New Year’s Eve at Grandma’s House is inspired by parties that took place every New Year’s Eve at playwright John Frank’s grandmother’s house in the Park Slope section of Brooklyn.
Park Slope in 1960 wasn’t the trendy young family mecca it is today. Rather, it was a typical New York melting pot neighborhood where established Irish families were looking wearily at the Italians who were moving up from below Fifth Avenue while the Italians themselves were looking over their shoulders at the influx of Puerto Rican immigrants staking out their piece of the American dream.
The country was about to get a new president and many hoped it would signal an end to the gray-flannel-suit mentality of the Eisenhower years. Little did they realize how much the country was about to change over the next decade.
Characters in the play are inspired by Frank’s aunts, uncles, parents and, of course, his grandmother. Some characters have the same names as real-life people, but all have morphed a bit into characters to aid in our storytelling. While elements of reality permeate the play, the focus has evolved from its older, one-act version to look at the American immigrant experience in this new two-act version.
What does the American dream mean to an immigrant, to that person’s children who are born and/or grew up in the United States but feel torn between the old world and the new? And what does acceptance in their new homeland look like?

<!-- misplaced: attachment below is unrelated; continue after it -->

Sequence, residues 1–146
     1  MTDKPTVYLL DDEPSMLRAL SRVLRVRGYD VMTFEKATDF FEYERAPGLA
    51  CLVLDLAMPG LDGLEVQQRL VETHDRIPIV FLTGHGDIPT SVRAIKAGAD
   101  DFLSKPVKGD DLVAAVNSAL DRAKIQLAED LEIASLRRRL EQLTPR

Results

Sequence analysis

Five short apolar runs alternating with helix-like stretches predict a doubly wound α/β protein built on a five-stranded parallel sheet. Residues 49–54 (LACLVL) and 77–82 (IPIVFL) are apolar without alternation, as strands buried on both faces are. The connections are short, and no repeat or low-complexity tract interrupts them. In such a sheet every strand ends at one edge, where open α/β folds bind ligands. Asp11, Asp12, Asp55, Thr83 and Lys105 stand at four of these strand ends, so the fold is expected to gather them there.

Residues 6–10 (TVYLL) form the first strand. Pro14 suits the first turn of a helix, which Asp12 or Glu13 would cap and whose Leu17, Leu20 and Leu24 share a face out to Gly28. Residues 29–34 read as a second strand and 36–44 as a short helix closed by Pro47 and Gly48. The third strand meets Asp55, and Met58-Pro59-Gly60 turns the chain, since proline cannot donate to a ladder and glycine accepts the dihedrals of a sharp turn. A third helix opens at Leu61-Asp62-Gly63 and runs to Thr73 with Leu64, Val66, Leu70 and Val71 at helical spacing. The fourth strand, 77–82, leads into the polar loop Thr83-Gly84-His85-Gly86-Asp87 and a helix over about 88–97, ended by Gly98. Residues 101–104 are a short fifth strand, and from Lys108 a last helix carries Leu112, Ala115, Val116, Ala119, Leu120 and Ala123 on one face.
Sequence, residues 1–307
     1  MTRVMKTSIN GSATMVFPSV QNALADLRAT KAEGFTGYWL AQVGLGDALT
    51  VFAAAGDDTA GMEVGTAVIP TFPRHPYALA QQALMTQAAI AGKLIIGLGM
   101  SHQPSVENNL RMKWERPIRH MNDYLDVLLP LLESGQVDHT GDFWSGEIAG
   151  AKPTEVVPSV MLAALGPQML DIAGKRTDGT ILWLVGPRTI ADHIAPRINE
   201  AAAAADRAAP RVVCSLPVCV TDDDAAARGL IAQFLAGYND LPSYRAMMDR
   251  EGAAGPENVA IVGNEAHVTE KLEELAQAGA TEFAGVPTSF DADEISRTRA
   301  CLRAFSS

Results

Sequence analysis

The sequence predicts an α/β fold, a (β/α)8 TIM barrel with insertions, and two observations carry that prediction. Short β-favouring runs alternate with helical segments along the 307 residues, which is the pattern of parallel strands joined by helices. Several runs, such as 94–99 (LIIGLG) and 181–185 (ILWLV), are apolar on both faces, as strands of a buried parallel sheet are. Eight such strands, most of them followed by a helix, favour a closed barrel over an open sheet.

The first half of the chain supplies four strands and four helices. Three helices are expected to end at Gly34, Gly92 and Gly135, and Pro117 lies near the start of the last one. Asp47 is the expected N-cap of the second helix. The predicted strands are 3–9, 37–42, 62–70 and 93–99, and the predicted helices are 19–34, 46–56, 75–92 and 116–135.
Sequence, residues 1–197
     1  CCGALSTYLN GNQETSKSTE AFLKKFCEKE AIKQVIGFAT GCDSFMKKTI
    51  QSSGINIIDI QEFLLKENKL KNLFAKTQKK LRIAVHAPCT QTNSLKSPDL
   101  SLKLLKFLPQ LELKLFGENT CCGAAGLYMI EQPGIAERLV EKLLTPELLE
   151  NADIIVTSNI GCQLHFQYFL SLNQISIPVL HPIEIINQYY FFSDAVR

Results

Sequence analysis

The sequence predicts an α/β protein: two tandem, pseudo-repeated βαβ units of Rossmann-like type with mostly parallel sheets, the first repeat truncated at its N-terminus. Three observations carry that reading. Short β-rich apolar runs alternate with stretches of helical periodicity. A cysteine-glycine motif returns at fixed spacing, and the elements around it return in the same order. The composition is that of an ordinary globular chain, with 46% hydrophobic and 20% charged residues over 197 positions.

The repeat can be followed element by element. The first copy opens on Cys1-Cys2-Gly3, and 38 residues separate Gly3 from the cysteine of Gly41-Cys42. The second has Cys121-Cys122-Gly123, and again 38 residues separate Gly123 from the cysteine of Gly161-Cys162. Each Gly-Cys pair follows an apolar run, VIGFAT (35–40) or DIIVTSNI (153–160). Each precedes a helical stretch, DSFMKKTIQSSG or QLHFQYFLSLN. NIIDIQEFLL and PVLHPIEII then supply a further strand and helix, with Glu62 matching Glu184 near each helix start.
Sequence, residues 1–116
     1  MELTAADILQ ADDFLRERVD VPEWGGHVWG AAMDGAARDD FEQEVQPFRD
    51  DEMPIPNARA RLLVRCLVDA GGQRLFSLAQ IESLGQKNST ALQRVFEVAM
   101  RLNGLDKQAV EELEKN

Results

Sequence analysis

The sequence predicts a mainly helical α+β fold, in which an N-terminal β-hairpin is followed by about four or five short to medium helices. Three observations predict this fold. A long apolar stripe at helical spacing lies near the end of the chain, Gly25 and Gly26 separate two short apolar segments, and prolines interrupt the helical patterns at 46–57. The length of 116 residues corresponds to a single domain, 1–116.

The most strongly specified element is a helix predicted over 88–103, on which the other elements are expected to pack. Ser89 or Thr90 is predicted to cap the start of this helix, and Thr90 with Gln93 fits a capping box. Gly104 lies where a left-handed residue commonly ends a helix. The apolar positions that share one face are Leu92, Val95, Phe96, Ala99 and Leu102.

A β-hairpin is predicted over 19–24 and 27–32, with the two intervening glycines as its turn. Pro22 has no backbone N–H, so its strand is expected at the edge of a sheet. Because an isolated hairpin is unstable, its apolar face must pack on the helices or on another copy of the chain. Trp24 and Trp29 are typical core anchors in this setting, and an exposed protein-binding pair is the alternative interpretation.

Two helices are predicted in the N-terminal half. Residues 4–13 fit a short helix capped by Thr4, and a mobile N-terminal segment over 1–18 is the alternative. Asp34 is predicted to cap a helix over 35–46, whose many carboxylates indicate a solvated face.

Those are questions you’ll see examined when you come to see New Year’s Eve at Grandma’s House Saturday nights and Sunday afternoons from Nov. 3 through November 18 at Northminster Church’s theater in Evanston. Buy tickets in advance to secure the online $5 per ticket discount. Tickets are $17 in advance, $22 at the door. Simply click here to buy yours today.
At those New Year’s eve parties so long ago, the children were normally in the living room watching television while the adults sat in the dining room and regaled each other with familiar stories.
Luckily, Frank often went into that wonderful room to hear those stories. You can see him in the background in the photo here, listening for the day when he would create New Year’s Eve at Grandma’s House.
One thought on “Here’s Where the Magic Began”
Cool post, John. I look forward to reading more about your play and real NYC history…